According to a new paper, yours truly is bipolar.
I’ve taken a few drugs in my time. On certain dopamine-based drugs I got euphoric, filled with energy, talkative, confident, with no need for sleep, and a boundless desire to do stuff, which is textbook hypomania. So I think I know what it feels like, and I can confidently say that it has never happened to me out of the blue.
On antidepressants, I have had some mild experiences of this type. Ironically, the closest I’ve come to it was when I quit an SSRI antidepressant. I’ve also experienced periods of irritability and agitation on antidepressants. Either way, that’s antidepressants. Bipolar is when you get high on your own supply of neurotransmitters.
Well, it used to be. Jules Angst et al have got some new, broader criteria for “bipolarity” in depression. They say that manic symptoms in response to antidepressants do count, exactly like out-of-the-blue mania.
What’s more, under the new “Bipolar Specifier” criteria, there’s no minimum duration. Under existing criteria the symptoms have to last 4 or 7 days, depending on severity. Under the new regime if you’ve ever been irritable, high, agitated or hyperactive, on antidepressants or not, you meet “Bipolar Specifier” criteria, so long as it was marked enough that someone else noticed it.
All you need is:
an episode of elevated mood, an episode of irritable mood, or an episode of increased activity with at least 3 of the symptoms listed under Criterion B of the DSM-IV-TR associated with at least 1 of the 3 following consequences: (1) unequivocal and observable change in functioning uncharacteristic of the person’s usual behavior, (2) marked impairment in social or occupational functioning observable by others, or (3) requiring hospitalization or outpatient treatment.
The bipolar net just got bigger. And they caught me in it. Me and 47% of depressed people in their study. They recruited 509 psychiatrists from around the world, and got each of them to assess between 10 and 20 consecutive adult depressed patients who were referred to them for evaluation or treatment. A total of 5635 patients were included.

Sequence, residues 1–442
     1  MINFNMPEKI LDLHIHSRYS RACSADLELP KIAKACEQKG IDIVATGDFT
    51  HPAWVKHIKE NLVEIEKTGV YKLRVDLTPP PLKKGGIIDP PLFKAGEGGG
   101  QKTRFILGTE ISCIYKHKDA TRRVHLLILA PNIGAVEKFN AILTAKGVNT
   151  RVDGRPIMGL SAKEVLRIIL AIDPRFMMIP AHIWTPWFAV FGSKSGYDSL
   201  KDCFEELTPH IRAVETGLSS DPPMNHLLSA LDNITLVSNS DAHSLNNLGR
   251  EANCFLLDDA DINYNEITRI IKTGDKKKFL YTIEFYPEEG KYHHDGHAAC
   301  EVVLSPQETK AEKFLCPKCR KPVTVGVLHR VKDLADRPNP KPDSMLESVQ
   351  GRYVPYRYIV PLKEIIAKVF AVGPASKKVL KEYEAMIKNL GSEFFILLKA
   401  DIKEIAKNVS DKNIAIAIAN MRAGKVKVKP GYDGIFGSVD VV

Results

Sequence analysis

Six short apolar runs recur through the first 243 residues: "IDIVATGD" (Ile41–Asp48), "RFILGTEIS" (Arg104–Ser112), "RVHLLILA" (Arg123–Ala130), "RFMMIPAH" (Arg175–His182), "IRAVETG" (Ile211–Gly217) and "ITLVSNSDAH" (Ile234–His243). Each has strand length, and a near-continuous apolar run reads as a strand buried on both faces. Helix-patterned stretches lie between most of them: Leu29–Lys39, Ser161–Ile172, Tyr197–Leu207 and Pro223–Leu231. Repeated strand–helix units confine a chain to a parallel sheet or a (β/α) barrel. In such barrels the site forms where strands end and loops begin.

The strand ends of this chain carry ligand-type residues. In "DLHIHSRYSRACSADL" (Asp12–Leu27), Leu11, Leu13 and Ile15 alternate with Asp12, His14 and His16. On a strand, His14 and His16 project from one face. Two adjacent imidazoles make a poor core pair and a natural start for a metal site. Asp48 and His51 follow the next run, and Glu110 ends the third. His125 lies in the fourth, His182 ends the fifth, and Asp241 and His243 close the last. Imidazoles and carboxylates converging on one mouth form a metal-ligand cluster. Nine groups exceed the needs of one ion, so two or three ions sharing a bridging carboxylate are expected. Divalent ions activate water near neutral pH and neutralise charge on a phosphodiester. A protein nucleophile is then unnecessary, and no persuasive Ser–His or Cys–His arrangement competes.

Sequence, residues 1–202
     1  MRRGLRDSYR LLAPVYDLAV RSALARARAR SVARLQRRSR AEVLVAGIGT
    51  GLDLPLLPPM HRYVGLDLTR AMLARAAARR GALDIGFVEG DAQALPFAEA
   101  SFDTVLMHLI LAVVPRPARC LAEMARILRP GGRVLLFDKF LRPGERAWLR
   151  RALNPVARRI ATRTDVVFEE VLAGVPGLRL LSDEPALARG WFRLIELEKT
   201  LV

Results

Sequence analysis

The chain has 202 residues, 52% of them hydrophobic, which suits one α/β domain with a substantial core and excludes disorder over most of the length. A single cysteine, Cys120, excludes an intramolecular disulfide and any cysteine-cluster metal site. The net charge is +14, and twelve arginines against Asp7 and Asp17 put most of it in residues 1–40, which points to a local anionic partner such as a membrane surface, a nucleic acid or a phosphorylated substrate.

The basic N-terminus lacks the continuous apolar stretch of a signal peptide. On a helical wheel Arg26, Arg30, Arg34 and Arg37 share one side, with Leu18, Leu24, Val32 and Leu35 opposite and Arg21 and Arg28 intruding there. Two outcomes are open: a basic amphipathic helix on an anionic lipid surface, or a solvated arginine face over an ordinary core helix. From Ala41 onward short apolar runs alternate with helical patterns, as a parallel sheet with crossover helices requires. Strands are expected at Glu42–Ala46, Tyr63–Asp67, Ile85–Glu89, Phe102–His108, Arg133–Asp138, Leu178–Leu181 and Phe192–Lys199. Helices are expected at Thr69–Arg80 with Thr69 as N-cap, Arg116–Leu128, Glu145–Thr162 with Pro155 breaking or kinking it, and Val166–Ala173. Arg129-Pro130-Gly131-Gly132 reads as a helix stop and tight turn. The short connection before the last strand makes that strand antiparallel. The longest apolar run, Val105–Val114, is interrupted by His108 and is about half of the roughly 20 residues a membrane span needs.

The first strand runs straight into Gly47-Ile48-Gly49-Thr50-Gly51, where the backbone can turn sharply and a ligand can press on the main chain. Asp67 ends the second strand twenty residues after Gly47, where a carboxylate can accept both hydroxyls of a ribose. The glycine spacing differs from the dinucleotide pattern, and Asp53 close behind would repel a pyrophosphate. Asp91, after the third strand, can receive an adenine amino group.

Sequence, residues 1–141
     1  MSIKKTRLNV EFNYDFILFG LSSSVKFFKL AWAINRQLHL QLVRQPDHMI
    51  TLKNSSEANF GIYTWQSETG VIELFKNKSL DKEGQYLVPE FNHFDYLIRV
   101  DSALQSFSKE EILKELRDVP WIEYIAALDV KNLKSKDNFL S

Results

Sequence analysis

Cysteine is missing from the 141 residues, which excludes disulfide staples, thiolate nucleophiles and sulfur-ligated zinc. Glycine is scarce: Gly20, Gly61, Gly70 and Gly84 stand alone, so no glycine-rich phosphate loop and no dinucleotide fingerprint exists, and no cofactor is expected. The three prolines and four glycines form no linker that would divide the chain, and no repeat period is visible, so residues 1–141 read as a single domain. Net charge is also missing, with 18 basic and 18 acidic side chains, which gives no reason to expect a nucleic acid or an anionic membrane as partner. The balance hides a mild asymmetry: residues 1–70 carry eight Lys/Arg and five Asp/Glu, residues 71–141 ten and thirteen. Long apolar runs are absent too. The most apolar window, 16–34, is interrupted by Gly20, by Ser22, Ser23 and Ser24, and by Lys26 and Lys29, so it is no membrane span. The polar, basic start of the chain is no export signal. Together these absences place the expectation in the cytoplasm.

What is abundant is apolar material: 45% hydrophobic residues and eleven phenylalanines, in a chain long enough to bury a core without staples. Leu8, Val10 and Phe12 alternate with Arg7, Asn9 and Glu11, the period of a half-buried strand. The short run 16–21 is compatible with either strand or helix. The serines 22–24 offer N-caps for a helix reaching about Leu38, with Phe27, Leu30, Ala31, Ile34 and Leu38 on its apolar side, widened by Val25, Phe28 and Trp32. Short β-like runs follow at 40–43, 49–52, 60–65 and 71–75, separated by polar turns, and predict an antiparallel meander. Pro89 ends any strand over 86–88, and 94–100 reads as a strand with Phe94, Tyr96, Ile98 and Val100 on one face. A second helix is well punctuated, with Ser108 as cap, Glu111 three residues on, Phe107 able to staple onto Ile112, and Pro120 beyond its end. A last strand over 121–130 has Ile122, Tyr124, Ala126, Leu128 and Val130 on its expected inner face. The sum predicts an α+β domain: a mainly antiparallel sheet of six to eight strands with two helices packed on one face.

Only 16% met existing DSM-IV criteria for bipolar disorder, so the new system with 47% identified an “extra” 31%, trebling the number of bipolar cases.
A cynic would say that this is a breathtaking piece of psychiatric marketing. You give people antidepressants, then you diagnose them with bipolar on the basis of their reaction to those drugs, thus justifying selling them yet more drugs.
The cynic would not be surprised to learn that this study was sponsored by pharmaceutical company Sanofi.
All investigators recruited received fees, on a per patient basis, from sanofi-aventis in recognition of their participation in the study….The sponsor of this study (sanofi-aventis) was involved in the study design, conduct, monitoring, data analysis, and preparation of the report.
In fairness, the authors do show that patients meeting their criteria tend to have characteristics typical of bipolar people. And they show that their system is at least as good as DSM-IV at picking out these cases:
For example, DSM-IV bipolar patients had a younger age of onset than DSM-IV depressed ones. “Bipolar specifier” patients did too, compared to the 53% who didn’t meet the criteria. Same for a family history of manic symptoms, multiple episodes, and shorter episodes. All of those are pretty well established correlates of bipolar disorder.
That’s fine, and the results are better than I expected when I picked up this paper. But all this shows us is that the bipolar specifier was no worse than the DSM-IV criteria as applied in this study.
It doesn’t tell us whether either was any good.
DSM-IV criteria were used in a mechanical cookbook fashion – symptoms were assessed by the psychiatrist, written down, sent back to the study authors, who then diagnosed them if they ticked enough boxes. Is that a good approach? We don’t know.
Most importantly, we have no idea whether these people would do better being treated as bipolar rather than as depressed. The difference being that bipolar people get mood stabilizers. Maybe these people would benefit from mood stabilizers, maybe not. Existing literature on mood stabilizers in bipolar people can’t be assumed to generalize to these 47%.
In the discussion, the authors argue that antidepressants are not much good in bipolar people, whereas mood stabilizers are. Fun fact: Sanofi make many of the most popular formulations of valproic acid/valproate , a big selling mood stabilizer.
I think that is no coincidence. Maybe that sounds crazy, but hey, what do you expect? I’m bipolar.
Angst J, Azorin JM, Bowden CL, Perugi G, Vieta E, Gamma A, Young AH, & for the BRIDGE Study Group (2011). Prevalence and Characteristics of Undiagnosed Bipolar Disorders in Patients With a Major Depressive Episode: The BRIDGE Study. Archives of general psychiatry, 68 (8), 791-798 PMID: 21810644